LOST thoughts

So, i don’t blog much any more. I simply don’t have the time. All my pent up thoughts seem to have found a release on Facebook and much more increasingly on Twitter. But, what do you do when you are encapsulated in a very moving TV series and want to deconstruct it for the rest of the world? You can’t do this all on Twitter… You write a blog.

[Blowing dust away from the keyboard!] Does this thing still work?

So, I will try to scribe some of the back story later. For now, I just want to get these thoughts out there, and will come back to follow up with some more complete thoughts on LOST and how it has affected my lost in future posts. HINT: God is SHAKING MY WORLD UP by this TV series, like only God can do. If you want to know a little more about LOST and it’s Biblical ties, I suggest you watch all of Chris Seay‘s Video Blog Series on Youtube. He’s a pastor in Houston, TX and has written a great book called “The Gospel According to LOST”. Check it out!

So now to this week’s episode…

A friend asked the question: What was the significance of Sawyer offering an apple to Kate? Was this Biblical? Symbolic?

My response:
I think the analogy you can make of the apple, is that it is proof of Sawyer making an unwise decision.

As I’ve always said, LOST is genius with its Biblical references… but they are never a 1:1 ratio. When a character seems to fit a certain Biblical role, you always get confused when they do something else. Which is ok, because the Biblical narratives are used in a hodge-podge manner. Which gives us a great opportunity to fuse them together in conversation to find the over arching theme.

So, in case of the apple in the garden of Eden… When Eve tries to convince Adam to eat the apple, she has already made an unwise decision… and it ultimately results in her (and Adam’s) exile from Eden.

Likewise with Sawyer. It’s clear he’s made a selfish decision to leave the island. I think Kate not taking the apple foreshadows that she has yet to be all-in on Sawyer’s plan – and ultimately will chose to go back to the island.

This is key… because ultimately this is a story of redemption. Eventually, all those bad decisions can be absolved when each character finally reaches the right one – being obedient to God’s (Jacob’s) calling for their lives.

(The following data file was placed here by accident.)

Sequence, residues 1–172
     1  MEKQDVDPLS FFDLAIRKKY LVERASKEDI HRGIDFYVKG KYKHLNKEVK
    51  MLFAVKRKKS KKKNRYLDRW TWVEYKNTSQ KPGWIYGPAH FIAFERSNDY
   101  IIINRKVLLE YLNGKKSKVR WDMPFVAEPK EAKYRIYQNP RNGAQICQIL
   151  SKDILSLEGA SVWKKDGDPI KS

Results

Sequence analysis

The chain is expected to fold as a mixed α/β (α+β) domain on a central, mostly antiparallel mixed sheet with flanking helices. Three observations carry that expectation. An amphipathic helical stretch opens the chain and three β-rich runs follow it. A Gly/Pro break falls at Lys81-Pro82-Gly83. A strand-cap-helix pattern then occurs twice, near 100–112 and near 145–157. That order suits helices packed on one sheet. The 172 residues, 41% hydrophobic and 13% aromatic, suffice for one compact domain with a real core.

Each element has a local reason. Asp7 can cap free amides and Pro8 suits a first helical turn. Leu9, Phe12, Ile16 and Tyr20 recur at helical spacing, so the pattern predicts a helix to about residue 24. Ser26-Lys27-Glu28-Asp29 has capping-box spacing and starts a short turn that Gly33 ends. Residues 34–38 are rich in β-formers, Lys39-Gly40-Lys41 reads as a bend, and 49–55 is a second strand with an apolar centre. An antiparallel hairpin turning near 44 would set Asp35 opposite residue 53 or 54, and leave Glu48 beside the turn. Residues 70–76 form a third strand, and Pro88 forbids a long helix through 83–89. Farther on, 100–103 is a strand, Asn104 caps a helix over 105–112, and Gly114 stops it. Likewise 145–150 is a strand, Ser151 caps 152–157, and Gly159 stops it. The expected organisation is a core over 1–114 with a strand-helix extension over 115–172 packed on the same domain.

So, Kate not taking the apple provides her an opportunity to witness to the crowd on the boat, whom we hope ultimately will all be redeemed.

Seacrest. Out.

Bonus: Listen to this song, and see if it applies to LOST and to us all…

Christian Hosoi – Rising Son

This weekend I was flipping channels and ended up on Current TV. I was working on the laptop simultaneously, so I didn’t have the volume up too much. But, I stopped on Current TV because they apparently were running a set of skateboard themed pods. One of the coolest things to have on TV in the background, in my opinion, is skateboarding and surfing videos. Something about it that just soothes the soul, even just having it on in the background.

In this reel of endless skateboarding pods, one caught my attention (embedded below). It was a highlight on Christian Hosoi, skateboarding’s first real super star.

This clip got me interested in his documentary, and I found it on Youtube. It’s a great story of redemption. This man was on top of his world, tempted by drugs and women, and eventually fell so low that he was arrested and sent to federal prison for a 10 year sentence.

“I don’t need God, I need a lawyer.”

It’s amazing how God made himself known to Christian Hosoi at the moment he breathed these words. Watch the movie below to see how.

“It’s a movie about second chances. It’s a movie of hope.”

George Washington’s Thanksgiving Proclamation

George Washingtons Thanksgiving Proclamation of 1789I pray we all remember the signifigance of this day, and how it is rooted in thanks to our Almighty God.

Below is the proclamation from George Washington as printed in The Massachusetts Centinel on October 14, 1789.

WHEREAS it is the duty of all nations to acknowledge the providence of Almighty God, to obey His will, to be grateful for His benefits, and humbly to implore His protection and favour; and Whereas both Houses of Congress have, by their joint committee, requested me “to recommend to the people of the United States a DAY OF PUBLICK THANKSGIVING and PRAYER, to be observed by acknowledging with grateful hearts the many and signal favors of Almighty God, especially by affording them an opportunity peaceably to establish a form of government for their safety and happiness:”